by Margaret Prince
As a keen skier I’d been to Queenstown more than once and spent my days going hard on the slopes and my nights enjoying the après ski buzz in its many restaurants, bars and clubs. But this time some friends who’d settled in Queenstown suggested I come and visit them in spring so I could experience what the town and its surroundings has to offer outside of ski season.
I thought it was a fine idea and decided it was time I treat myself to a well-earned break with a bit or pampering, a touch of adventure, some leisurely wine tasting, the odd walk or bike (but nothing to strenuous), some over-indulging in the eating department, and just a smidge of exploring and retail therapy thrown in for good measure.
Sounded like the perfect holiday cocktail to me.
Flying into the resort, nose pressed to the window like everyone around me, we descended towards the airport and I was spellbound by the snow-capped mountain peaks as far as the eye could see the green valleys below, and the reflection of the plane passing over the shimmering lake.
Once I stepped off the Jetstar A320 to a view of the famous Remarkables Mountains and breathed in the pure crisp alpine air, I suspected I was going to be a fan of Queenstown in spring.
I’d read recently that the travellers ‘bible’ Lonely Planet had recently chosen the Southern Lakes Region as one of the world’s top 10 places to visit in 2013 for its year-round activities and spectacular scenery, so I set about putting as much of that to the test as possible. Although my friends had offered their spare room, I decided to splash out and treat myself to a couple of nights one of the loveliest new hostels on the outskirts of town, followed by a stay in more cost-conscience accommodation. There were plenty to choose from, from backpackers to ‘flash-packers’, motels and
apartments, and all categories of hotels, but I figured that a five-star luxury on the edge of the lake was going to get me in the mood for relaxation and adventure.
Queenstown is quite compact which is one of the things I like most about it – the airport is only 10 minutes from town centre and everything is within walking distance or a short drive. After checking into my hotel, I found the perfect spot overlooking the water to soak up the sunshine with coffee in hand and just watch the world go by. Next on the agenda was a bit of ‘me time; and within half an hour I was luxuriating in one of the best spa experiences I’ve ever had. Four blissful hours later I floated to my room, resisted the urge to curl up and fall asleep, got dressed and caught the hotel’s water taxi service into town to meet my friends.
As the boat pulled into Queenstown Bay, we slowed down to make way for the majestic TSS Earnslaw, one of the last remaining coal-fired passenger vessels still operating in the Southern Hemisphere, as it came steaming into dock. Affectionately know to locals as the grand old lady of the lake, she’s one of Queenstown’s great icons and her deep piercing ‘hoot hoot’ has become an integral part of the town’s fabric.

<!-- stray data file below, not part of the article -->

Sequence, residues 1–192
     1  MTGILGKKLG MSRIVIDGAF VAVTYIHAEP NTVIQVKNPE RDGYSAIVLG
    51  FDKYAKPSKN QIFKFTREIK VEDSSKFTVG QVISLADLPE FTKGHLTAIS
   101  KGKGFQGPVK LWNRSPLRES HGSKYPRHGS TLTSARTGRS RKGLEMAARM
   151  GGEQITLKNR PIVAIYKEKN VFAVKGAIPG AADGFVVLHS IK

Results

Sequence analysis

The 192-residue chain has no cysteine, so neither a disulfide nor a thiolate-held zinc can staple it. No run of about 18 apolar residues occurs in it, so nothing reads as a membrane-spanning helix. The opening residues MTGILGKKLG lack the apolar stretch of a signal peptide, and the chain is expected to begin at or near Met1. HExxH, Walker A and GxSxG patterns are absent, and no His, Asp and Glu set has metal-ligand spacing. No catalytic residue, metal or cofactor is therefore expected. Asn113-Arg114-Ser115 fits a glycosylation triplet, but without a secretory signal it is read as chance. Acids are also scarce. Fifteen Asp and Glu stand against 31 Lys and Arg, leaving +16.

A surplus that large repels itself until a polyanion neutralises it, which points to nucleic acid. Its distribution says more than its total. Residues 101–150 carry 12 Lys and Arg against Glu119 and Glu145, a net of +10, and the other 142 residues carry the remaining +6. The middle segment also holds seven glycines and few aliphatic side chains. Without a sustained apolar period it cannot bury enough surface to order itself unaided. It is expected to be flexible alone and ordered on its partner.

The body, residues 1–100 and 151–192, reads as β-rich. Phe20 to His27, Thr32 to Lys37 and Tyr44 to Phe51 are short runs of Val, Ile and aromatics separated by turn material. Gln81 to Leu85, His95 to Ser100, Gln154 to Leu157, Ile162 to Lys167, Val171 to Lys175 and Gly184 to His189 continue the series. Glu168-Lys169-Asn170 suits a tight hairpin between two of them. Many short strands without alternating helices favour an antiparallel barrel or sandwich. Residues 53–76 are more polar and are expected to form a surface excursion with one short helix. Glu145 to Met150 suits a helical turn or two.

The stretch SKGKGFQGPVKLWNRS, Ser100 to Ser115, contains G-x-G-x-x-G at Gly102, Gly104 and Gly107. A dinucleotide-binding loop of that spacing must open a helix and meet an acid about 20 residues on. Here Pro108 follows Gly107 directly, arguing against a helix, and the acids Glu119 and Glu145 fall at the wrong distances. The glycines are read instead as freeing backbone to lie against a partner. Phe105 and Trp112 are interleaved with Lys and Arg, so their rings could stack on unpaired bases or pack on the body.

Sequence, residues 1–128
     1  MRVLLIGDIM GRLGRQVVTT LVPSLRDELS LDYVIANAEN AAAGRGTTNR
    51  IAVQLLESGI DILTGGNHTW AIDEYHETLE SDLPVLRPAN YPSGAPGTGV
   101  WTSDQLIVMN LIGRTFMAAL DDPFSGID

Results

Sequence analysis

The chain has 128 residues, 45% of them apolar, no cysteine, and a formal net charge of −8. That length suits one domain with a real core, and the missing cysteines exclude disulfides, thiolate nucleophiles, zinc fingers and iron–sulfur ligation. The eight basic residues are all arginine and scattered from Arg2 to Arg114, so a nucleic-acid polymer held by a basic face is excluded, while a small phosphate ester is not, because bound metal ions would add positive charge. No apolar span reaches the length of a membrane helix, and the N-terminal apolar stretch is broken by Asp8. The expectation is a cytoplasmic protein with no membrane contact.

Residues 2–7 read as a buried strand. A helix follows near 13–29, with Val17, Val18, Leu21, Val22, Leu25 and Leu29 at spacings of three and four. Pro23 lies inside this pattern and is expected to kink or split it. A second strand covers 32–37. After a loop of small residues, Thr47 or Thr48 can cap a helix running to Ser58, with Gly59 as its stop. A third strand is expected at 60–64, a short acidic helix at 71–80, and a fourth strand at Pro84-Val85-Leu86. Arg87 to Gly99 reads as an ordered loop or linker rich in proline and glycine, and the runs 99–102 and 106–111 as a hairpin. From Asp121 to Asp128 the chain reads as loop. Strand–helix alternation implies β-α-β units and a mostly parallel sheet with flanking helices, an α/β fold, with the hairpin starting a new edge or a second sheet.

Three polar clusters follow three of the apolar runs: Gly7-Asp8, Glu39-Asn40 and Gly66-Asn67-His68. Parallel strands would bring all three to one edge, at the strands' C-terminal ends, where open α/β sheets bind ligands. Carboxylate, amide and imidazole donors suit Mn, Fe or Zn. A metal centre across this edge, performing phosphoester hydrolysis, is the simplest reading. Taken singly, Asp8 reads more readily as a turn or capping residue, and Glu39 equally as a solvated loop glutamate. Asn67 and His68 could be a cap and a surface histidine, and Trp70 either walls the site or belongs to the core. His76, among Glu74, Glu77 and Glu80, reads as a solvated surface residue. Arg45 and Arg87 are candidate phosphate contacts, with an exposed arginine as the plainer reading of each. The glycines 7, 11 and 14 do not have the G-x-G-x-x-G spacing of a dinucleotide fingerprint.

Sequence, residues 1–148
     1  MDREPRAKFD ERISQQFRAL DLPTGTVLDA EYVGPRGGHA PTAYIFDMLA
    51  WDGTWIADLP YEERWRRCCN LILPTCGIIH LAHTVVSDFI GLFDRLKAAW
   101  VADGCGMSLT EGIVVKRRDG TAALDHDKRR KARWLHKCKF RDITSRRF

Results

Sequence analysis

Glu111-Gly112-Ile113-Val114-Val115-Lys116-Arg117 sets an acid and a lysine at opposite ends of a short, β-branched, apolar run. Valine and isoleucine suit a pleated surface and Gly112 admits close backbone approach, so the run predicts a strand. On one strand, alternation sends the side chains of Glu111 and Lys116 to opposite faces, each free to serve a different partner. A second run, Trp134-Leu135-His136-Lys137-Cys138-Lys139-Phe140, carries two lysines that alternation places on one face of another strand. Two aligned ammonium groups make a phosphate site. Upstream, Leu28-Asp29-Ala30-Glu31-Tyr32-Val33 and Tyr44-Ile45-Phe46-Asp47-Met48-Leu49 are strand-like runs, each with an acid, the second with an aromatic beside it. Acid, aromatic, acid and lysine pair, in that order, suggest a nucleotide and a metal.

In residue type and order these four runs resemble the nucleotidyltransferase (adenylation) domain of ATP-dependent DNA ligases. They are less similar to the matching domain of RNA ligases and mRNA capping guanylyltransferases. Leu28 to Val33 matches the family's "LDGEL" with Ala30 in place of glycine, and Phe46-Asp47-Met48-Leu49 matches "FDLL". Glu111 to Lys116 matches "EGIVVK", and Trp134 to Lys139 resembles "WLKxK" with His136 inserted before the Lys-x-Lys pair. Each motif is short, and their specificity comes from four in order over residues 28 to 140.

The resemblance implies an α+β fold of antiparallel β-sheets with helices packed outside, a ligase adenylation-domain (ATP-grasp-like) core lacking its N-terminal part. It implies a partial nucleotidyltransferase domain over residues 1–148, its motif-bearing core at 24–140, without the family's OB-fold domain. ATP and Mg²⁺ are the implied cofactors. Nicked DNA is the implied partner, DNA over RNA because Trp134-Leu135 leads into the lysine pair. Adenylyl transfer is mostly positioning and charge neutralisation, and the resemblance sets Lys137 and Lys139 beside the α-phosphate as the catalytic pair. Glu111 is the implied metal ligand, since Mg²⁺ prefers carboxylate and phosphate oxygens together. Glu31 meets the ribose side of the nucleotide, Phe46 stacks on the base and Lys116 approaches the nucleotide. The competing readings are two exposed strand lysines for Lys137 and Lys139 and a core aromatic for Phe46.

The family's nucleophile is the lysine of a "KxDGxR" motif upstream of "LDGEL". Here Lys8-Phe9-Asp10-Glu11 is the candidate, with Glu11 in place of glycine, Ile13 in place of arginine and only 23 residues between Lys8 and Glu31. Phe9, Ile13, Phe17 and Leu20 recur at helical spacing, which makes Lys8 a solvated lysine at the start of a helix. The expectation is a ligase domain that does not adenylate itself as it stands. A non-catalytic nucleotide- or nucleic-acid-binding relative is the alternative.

It was only Day One but I was already learning springtime in Queenstown combined the best of both worlds – long days, warm spring sunshine and bright blooms
everywhere completely transformed the scenery I’d previously only seen as a winter wonderland. And although I was definitely tempted by spring skiing, this time my Queenstown visit had a different agenda.
After strolling around town and sitting outside enjoying a sneaky glass of the famous local Pinot Noir, we literally had to toss a coin to decide where to eat. There are restaurants everywhere; Queenstown is a veritable melting pot of nationalities, cultures and influences and it was just too hard to chose from Pacific rim, traditional pub, winery kitchen, stylish café bars, Asian, designer burgers, Japanese, Indian, Chinese, Turkish or Mexican. The coin toss decided the menu for us – tapas by the waterfront – and after a delicious meal complete with million dollar view, we planned our days to come.
It’s no exaggeration to say you can experience more here in a day than most do in a lifetime, and on the adventure front it boasts a huge range of adrenaline pumping activities like skydiving, bungee jumping, jet boating and paragliding. For the next day’s entertainment, however we decided to bike the new gondola-accessed trails high above the town.
While one of my friends was definitely the equivalent of a double diamond skier when it came to the biking, I was relieved to find out that the bike trails ranged from the extreme to virtual novice. Falling
somewhere between the two, I put my trust in the sturdy bike and helmet I‘d rented from one of the shops in town, hooked it up to the gondola and cruised up to the bike park. While initially cautious, I gained confidence by the minute and couldn’t believe how much fun it was to ride down through the forest trails, and then catch my breath on the gondola ride back up to do it again.
We’d set aside the next day for a trip to the world-famous bungy bridge in nearby Gibbston Valley, and my first bungy jump (scary but an amazing rush!) was followed by lunch at nearby winery and an afternoon of wine tasting. For ease, we took a guided tour which was well worth every cent to have our transport taken care of and a knowledgeable guide to lead the way.